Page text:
Profile: R.C. Barnes
Turn in the Road
Owner-operator R.C. Barnes parlays six decades of industry experience into new musical forays
RC. Barnes might have more experience behind the wheel of a trucking business than any other hauler on the highway today. “I’ve heard there’s two guys out here who are as old as I am,” says the 77-year-old Youngstown, Ohio, resident, “but nobody who’s been out here as long as I have.”
Having begun a putative trucking driving career at the tender age of 14, when he hitchhiked his way from custodial great-grandparents in Waynesboro, Penn., to find his mother in Holt, Ala., Barnes ultimately has more than six decades of driving under his belt.
Yet he’s no stranger to big life changes. And for the past three years, he’s been taking his lifelong love of music — he’s played bass in bands and has been writing songs since the 1960s — to Nashville, recording an album and, most recently, producing a five-song demo in preparation for a new album in 2011. If all goes well, he’ll put a driver in his Class 8 conventional and hop in his Silver Eagle coach (Garth Brooks’ first tour bus, he says) this year.
When Truckers News sister magazine Overdrive profiled small fleet Circle B Transport in April 1989, then-owner/part-operator Barnes was at the zenith of his trucking career in many respects. In less than a decade, he’d taken the $4,000 he had after selling most everything he had and moving to Oregon from Idaho in 1980 and turned it into more than million in yearly revenue. Barnes even had his own private Piper Arrow single-engine plane at one point, which he flew memorably to a stop on the Legends tour of Conway Twitty and George Jones to meet Barnes’ own musical hero, Merle Haggard, also on the tour. “I used to do Merle’s music all over the country,” Barnes says. “When he wrote a song it felt like it came right out of my head.”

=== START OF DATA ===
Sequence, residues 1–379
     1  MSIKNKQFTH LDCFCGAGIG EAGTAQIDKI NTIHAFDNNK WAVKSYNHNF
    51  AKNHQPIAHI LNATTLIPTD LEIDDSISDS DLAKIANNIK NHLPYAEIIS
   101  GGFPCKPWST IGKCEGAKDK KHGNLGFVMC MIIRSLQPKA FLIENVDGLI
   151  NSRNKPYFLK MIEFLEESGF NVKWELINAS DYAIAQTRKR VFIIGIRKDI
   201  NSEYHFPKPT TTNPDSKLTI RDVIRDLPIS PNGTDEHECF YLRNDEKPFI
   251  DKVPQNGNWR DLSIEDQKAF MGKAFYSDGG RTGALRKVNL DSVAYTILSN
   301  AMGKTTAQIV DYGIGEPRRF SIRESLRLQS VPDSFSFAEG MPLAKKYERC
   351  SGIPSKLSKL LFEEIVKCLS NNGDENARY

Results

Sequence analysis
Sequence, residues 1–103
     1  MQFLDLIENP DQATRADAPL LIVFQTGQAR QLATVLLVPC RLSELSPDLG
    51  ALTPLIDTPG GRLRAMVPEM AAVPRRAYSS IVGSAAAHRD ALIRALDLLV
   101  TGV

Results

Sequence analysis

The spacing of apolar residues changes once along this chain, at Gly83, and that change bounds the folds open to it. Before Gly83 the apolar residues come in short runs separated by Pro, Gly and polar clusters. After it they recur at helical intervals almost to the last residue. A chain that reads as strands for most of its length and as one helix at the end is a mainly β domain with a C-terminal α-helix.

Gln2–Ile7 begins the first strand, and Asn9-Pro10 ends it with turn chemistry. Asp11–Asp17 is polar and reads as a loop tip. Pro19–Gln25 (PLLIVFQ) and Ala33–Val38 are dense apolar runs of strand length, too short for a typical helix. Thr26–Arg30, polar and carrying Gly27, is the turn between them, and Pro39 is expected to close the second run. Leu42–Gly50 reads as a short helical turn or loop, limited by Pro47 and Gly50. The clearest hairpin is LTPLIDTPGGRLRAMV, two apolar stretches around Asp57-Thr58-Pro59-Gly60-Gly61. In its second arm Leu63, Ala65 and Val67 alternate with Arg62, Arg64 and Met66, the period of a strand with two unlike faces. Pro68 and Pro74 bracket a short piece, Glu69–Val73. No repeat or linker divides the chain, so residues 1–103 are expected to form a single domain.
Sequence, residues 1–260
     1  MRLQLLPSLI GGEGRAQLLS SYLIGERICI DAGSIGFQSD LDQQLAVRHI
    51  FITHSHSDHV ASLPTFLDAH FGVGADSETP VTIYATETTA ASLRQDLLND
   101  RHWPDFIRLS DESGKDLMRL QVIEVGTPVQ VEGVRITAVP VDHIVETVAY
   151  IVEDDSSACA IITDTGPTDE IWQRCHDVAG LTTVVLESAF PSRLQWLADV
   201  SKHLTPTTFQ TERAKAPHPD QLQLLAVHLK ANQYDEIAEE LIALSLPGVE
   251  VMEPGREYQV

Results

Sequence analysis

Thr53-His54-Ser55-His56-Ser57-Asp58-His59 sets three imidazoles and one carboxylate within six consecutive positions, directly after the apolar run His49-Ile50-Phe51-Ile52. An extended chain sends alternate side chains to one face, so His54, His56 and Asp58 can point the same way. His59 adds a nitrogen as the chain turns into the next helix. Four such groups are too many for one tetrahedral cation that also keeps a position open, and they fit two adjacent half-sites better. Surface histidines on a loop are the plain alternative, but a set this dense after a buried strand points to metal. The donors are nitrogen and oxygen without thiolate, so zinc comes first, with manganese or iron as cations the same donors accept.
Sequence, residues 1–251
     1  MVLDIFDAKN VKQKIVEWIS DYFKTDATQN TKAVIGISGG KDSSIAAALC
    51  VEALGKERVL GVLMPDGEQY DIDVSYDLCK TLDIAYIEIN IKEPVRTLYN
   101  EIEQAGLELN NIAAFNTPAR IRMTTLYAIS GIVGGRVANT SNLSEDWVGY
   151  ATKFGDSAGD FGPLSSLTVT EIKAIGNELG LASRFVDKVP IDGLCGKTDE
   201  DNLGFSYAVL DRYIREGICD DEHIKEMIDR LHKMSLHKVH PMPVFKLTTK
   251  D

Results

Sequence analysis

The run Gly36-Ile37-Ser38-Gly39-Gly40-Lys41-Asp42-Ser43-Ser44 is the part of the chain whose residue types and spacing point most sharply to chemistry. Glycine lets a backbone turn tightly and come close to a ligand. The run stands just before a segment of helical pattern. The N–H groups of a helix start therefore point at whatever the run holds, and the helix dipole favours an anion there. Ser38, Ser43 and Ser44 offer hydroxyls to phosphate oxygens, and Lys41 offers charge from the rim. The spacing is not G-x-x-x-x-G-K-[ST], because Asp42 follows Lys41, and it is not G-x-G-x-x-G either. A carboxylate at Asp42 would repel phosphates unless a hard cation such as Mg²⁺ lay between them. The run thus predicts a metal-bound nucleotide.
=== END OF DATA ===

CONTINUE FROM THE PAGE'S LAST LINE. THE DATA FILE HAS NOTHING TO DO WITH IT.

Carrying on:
Life at the top was good, but it wasn’t meant to last. One of his sons and his wife, half-owner of the Circle B business, had become involved in the drug trade. Ultimately, responsible for the books, she left him deep in debt to the feds for back taxes and landed herself in jail. (The son was killed in 1992.) Barnes was forced to declare bankruptcy, then regrouping with an old business associate in Cleveland with G&W Hauling & Rigging, to whom he’s leased today with a 1998 Kenworth T2000 pulling flat and step deck freight.